When our main dog died a few weeks ago, my husband and I knew we would be facing a huge, painfully unexpected expense. Hubby had rushed our dog to the vet because she was in distress. The vet tried everything to save our beloved dog but it was futile. Within minutes the vet pronounced our dog had died.
In times like these, an emergency situation, the last thing you want to worry about is money. That is why I was elated to know that we had an emergency fund just waiting to bail us out any uncomfortable financial predicaments we might ever find ourselves in to. I can’t stress how important it is to have a liquid, available emergency fund. Dave Ramsey suggests to have at least $1,000 dollars readily available so that you can meet any calamity that comes your way without reaching for a charge card.
The medical team at our vets office went out of their way to save our dog’s life. Apparently she had a tumor on her heart and it burst. Our dog was only 10.5 years old when she passed. The vet said there was nothing we could have done to either have prevented this cancer or to have known about it.
We chose to have our dog cremated rather than buried. Hubby estimated the vet bill to be around $700. I anticipated a bill over our $1,000 threshold. Thankfully, our vet was kind and our bill came in at $608. Nonetheless, this was still an amount out of our monthly budget range. We withdrew the funds out of our Emergency Fund. Now, for the rest of this month (and beyond) we have to replenish this amount back in to our Emergency Fund. That’ll mean a low-spend month of May. No worries. An Emergency Fund is a blessing. I can’t stress its importance enough.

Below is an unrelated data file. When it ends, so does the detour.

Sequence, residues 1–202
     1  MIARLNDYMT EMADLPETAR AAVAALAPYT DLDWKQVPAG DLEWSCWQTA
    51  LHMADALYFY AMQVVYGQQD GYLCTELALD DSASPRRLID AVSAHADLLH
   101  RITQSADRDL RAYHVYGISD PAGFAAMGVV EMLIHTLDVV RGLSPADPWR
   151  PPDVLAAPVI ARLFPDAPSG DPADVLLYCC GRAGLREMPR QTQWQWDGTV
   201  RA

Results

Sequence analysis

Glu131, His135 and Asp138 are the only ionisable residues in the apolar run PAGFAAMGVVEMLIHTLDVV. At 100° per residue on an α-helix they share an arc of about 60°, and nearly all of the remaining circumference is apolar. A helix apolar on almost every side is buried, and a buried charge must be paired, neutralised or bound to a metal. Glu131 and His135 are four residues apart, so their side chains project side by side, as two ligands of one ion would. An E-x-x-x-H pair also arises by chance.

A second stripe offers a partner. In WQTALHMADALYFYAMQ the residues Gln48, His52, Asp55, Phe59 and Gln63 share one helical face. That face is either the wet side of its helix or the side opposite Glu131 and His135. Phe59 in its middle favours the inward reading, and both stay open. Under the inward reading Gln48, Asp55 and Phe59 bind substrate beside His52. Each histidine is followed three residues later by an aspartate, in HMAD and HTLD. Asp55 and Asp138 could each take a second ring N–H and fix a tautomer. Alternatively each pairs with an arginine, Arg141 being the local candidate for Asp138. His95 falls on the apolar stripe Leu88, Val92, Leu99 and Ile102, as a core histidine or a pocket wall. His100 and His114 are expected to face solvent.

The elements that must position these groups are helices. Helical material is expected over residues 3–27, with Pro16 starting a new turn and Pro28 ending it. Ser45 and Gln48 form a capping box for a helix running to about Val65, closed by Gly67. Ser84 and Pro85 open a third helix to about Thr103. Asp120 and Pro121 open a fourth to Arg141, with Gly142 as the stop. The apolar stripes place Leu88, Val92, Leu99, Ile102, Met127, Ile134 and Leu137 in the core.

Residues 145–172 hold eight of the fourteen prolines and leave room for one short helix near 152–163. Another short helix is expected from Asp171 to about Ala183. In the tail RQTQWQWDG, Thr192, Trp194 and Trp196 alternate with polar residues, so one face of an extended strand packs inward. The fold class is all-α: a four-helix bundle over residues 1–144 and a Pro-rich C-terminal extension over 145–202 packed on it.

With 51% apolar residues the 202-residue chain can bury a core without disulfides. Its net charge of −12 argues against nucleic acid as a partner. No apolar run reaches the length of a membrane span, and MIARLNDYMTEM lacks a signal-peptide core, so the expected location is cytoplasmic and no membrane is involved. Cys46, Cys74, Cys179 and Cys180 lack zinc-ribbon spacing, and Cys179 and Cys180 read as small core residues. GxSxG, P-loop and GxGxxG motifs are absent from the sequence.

According to Vanguard (click here) there are many good reasons why you should have an Emergency Fund:
Emergencies—from a broken bone to a layoff—are a fact of life. When you’re faced with life’s unexpected events, you can be ready.
An emergency fund is a stash of money set aside to cover the financial surprises life throws your way. These unexpected events can be stressful and costly.
Here are some of the top emergencies people face:
- Job loss.
- Medical or dental emergency.
- Unexpected home repairs.
- Car troubles.
- Unplanned travel expenses.
3 benefits of having emergency money
Aside from financial stability, there are other pros to having an emergency reserve of cash.
It helps keep your stress level down.
It’s no surprise that when life presents an emergency, it threatens your financial well-being and causes stress. If you’re living without a safety net, you’re living on the “financial” edge—hoping to get by without running into a crisis.
Being prepared with an emergency fund gives you confidence that you can tackle any of life’s unexpected events without adding money worries to your list.
It keeps you from spending on a whim.
You’ve heard the saying “out of sight, out of mind.” That’s the best way to store your emergency money. If the cash is only as far away as your closest debit card, you may be tempted to use it for something frivolous like a designer cocktail dress or big-screen TV—not exactly an emergency.
Keeping the money out of your immediate reach means you can’t spend it on a whim, no matter how much you’d like to.
And by putting it in a separate account, you’ll know exactly how much you have—and how much you may still need to save.
It keeps you from making bad financial decisions.
There may be other ways you can quickly access cash, like borrowing, but at what cost? Interest, fees, and penalties are just some of the drawbacks.
Me with my beloved dog, Chloe, in much better times. Our Emergency Fund meant that my dog would get the best care possible without us worrying over any future bill. It gave all of us peace of mind. I can’t stress enough the importance of having a readily available Emergency Fund, ready to meet any of life’s challenges. I do hope if you don’t have an EF already, you will start one today.
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